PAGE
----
Consultant tells teachers their image is their problem | NevadaAppeal.com

Consultant tells teachers their image is their problem

It’s their own fault if the public doesn’t believe or trust teachers, says a nationally known consultant.

Jamie Vollmer told more than 350 members of the Nevada State Education Association, gathered to launch a $250 million tax initiative to improve schools, that teachers are being battered from all sides despite the fact America’s schools are doing better than ever in history.

“Just when we need it most, America is showing signs of turning away,” he said.

But he told the crowd at Reno’s Peppermill Hotel/Casino the reasons are not that teachers aren’t teaching. He said the problem is they aren’t making their case to taxpayers and business leaders.

Vollmer said opponents often cite falling test scores. The problem with this argument is that today, nearly all students take those tests compared with less than half – the top half – who took the tests 30 years ago. That means today’s students are testing higher overall than those in the ’60s and ’70s, Vollmer said.

In an era when only 28 percent of taxpayers have children in public school, the enemies of education claim education is failing and appeal to seniors and businessmen with simplistic calls to “get back to basics” and return to how they did things in the good old days, Vollmer said.

“Polls show 80 percent of people support public education, but you’re facing very organized enemies,” said Vollmer, a former corporate executive and lawyer who now works to increase community support for schools.

“You need to stand up and say, ‘We have never done a better job,’ because your enemies are lying about it,” he said.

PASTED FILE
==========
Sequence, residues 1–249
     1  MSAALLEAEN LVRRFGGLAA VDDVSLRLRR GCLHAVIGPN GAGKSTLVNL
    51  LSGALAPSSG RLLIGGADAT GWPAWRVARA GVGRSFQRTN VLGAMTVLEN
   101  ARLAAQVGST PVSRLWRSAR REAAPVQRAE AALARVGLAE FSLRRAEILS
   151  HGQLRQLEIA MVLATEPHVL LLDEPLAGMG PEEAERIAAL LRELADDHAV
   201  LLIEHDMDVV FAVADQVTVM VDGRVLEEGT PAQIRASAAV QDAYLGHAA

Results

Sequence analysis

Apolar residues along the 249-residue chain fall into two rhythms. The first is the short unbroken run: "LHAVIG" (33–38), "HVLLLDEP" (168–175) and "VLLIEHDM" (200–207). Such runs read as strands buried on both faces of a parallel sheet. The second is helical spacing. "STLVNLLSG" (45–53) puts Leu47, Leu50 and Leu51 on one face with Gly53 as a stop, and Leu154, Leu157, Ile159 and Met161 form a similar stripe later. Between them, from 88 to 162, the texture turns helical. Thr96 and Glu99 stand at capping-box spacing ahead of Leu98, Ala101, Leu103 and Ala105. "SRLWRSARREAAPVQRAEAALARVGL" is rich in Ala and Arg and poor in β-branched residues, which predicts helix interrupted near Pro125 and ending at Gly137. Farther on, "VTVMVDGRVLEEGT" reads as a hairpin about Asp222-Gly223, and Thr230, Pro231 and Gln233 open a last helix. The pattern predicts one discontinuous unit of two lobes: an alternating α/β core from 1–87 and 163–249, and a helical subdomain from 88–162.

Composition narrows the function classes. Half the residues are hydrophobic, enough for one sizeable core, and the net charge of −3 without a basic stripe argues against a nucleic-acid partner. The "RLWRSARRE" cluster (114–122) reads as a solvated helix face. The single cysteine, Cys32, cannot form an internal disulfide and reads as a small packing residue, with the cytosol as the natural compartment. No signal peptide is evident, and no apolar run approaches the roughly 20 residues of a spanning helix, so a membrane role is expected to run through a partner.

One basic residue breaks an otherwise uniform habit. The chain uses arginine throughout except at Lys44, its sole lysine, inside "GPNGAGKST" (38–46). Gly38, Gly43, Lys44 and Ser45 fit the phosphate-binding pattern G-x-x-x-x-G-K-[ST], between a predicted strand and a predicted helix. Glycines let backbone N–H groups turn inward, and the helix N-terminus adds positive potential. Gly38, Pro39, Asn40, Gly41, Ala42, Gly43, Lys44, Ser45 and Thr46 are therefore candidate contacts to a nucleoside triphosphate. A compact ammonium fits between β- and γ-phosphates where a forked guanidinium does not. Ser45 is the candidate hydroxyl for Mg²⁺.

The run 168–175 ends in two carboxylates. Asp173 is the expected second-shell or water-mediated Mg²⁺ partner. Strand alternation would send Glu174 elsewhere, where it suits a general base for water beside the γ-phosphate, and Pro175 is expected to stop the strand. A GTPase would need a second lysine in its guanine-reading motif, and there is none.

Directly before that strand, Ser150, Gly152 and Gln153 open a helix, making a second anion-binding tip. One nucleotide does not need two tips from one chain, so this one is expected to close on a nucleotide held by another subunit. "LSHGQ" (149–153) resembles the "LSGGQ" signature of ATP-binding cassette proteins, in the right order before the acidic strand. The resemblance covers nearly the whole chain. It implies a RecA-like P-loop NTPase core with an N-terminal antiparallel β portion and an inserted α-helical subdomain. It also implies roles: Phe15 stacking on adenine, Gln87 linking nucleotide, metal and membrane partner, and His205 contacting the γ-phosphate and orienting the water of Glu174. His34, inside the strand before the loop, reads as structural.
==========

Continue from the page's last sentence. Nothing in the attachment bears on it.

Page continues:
He used the “back to basics” push as an example, pointing out that the role of schools has been expanded by society and government far beyond reading, writing and arithmetic in the past 100 years.

Mandates range from health and nutrition to sex education, driver’s education to arts and music, alternative and at-risk education programs, special education to anti-smoking and anti-gang programs.

There is no appetite to reduce the role of schools to the three Rs by eliminating those functions but that too many, especially seniors, want to return to that idyllic past, Vollmer said.

“You know what everybody thinks school should look like? What it was when they went to school, that’s what,” he said.

Vollmer said that image isn’t reality but “nostesia” – a combination of nostalgia and amnesia.

He said the way to fix that is to get out and talk to the business community, seniors and others who think public schools are failing.

“Equal education opportunity for all, publicly funded, is an idea,” he said. “And its important resource is public trust.”

Teachers need to rebuild that public trust, he said.